OFCCP Resolutions by Year

As we reported last week, the Biden OFCCP has been experiencing a steady stair-step down in production results which are not keeping up with itself year-over-year, let alone competing with the performance records of either the Obama or Trump Administrations. Adding in the six newly reported OFCCP settlements from FY 2022, we also see a new result (not yet a trend, since it is only a first-time occurrence): OFCCP’s percentage of backpay dollar collections by type of claim has shifted from failure-to-hire claims as OFCCP’s perennial leading collector of backpay payments to compensation claims now leading collections for the first time, even if only barely [$5,835, 818.18 (compensation) vs. $5,804,992.70 (failure-to-hire)]. Please note, however, that two settlements of what OFCCP has characterized as “compensation” claims are in fact NOT compensation claims at all, as we noted in our Week In Review story last week.

However, two other factual observations heavily temper the compensation backpay collections data:

First, failure-to-hire back pay claims settlements have dropped by tens of millions of dollars in the past two years as OFCCP has shifted its enforcement focus to compensation claims, among other changes in OFCCP’s enforcement strategies. Even with the six new FY 2022 CAs added in, OFCCP’s tally of CAs resolving compensation claims (now 5, up from 2…which OFCCP erroneously reports as 7: see below) still trails far behind the number of OFCCP settlements of failure-to-hire claims (now 13, up from 10). Moreover, the three new OFCCP compensation settlements, like the first two OFCCP reported last week and which we discussed in last week’s WIR, are highly questionable. This is because OFCCP reports that these are merely “statistical pay imbalance” claims reportedly lacking findings of contractor policies or practices unlawfully causing the pay imbalance based on a protected status. As we reported last week, OFCCP previously reported four compensation settlements. However, as we explained in last week’s WIR, two of those four alleged compensation settlements were not claims about compensation discrimination.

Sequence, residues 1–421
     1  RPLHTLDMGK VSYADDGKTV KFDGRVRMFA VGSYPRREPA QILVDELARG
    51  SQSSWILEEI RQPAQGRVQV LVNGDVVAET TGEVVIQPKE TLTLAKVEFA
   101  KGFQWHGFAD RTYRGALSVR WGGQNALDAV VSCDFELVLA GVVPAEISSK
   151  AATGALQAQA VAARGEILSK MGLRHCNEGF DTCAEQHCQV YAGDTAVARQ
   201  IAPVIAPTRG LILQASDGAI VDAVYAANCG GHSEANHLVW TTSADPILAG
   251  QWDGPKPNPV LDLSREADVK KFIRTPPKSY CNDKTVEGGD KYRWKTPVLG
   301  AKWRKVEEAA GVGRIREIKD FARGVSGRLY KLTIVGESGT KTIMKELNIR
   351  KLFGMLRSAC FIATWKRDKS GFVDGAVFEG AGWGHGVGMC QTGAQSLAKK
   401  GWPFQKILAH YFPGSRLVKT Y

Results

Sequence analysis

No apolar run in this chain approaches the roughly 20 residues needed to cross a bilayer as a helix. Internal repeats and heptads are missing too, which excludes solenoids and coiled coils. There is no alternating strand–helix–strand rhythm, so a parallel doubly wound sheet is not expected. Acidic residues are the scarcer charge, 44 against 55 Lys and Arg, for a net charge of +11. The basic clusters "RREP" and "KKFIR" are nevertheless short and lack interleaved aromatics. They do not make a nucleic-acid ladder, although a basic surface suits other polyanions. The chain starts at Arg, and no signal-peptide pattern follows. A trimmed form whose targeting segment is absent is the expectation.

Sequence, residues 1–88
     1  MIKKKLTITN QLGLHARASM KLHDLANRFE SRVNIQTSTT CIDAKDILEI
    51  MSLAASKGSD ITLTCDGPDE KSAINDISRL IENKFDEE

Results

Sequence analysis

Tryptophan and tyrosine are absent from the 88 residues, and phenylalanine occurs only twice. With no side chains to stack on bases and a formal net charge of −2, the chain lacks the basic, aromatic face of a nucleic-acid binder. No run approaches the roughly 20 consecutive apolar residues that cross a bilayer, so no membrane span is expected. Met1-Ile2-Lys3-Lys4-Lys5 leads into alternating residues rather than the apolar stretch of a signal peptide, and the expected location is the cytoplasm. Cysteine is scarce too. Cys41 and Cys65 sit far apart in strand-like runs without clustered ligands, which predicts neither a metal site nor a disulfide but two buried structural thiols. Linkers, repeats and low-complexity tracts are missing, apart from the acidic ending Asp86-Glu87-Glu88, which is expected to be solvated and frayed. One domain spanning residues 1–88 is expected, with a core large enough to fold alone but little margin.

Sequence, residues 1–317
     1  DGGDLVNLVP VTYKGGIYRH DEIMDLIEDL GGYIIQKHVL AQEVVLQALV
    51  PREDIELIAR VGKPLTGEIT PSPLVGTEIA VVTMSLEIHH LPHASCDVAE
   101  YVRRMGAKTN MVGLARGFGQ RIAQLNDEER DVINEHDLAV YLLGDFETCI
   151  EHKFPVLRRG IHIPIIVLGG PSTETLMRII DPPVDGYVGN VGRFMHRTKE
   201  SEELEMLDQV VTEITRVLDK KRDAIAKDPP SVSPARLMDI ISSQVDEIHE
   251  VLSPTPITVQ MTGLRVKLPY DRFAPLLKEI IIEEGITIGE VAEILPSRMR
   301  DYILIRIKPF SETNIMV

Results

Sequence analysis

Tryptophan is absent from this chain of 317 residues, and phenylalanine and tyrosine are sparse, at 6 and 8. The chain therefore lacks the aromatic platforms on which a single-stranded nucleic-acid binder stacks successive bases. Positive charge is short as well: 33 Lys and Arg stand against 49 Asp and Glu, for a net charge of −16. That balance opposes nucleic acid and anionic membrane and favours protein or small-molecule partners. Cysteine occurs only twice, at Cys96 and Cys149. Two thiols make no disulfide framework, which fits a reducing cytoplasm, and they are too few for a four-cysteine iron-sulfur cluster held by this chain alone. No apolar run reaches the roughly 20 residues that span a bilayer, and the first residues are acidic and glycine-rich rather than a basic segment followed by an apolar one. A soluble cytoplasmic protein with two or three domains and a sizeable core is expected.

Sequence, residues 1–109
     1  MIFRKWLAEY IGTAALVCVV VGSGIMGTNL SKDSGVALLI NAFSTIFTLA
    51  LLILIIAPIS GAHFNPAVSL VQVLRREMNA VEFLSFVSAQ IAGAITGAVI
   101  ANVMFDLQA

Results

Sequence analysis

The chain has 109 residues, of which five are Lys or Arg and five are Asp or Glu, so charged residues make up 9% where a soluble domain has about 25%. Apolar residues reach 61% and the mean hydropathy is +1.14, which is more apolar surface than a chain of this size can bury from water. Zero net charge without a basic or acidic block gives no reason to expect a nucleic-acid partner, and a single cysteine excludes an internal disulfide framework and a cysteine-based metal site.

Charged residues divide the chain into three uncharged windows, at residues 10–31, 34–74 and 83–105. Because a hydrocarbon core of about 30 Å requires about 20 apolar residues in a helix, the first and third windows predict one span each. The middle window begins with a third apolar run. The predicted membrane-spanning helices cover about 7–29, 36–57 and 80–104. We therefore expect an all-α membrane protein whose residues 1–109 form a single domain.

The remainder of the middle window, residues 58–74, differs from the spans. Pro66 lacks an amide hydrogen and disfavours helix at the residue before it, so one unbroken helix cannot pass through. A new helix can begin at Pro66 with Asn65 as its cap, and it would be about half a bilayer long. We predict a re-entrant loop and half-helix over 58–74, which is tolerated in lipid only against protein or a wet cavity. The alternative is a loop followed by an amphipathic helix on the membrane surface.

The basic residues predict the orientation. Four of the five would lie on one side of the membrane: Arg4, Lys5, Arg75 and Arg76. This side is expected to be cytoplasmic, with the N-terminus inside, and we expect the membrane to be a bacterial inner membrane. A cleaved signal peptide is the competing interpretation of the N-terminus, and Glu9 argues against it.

Second, the numbers of settlements of both compensation and failure-to-hire claims are so small (5 vs 13) that the data are not sufficiently large to allow for meaningful statistical analyses. At this point, OFCCP’s compensation settlements are interesting because something is different than in prior years, but the data are not capable (yet) of telling analysts very much. No trend lines occur. A single point does not make a line, let alone a pattern.

Here are the New Discrimination OFCCP Settlement Numbers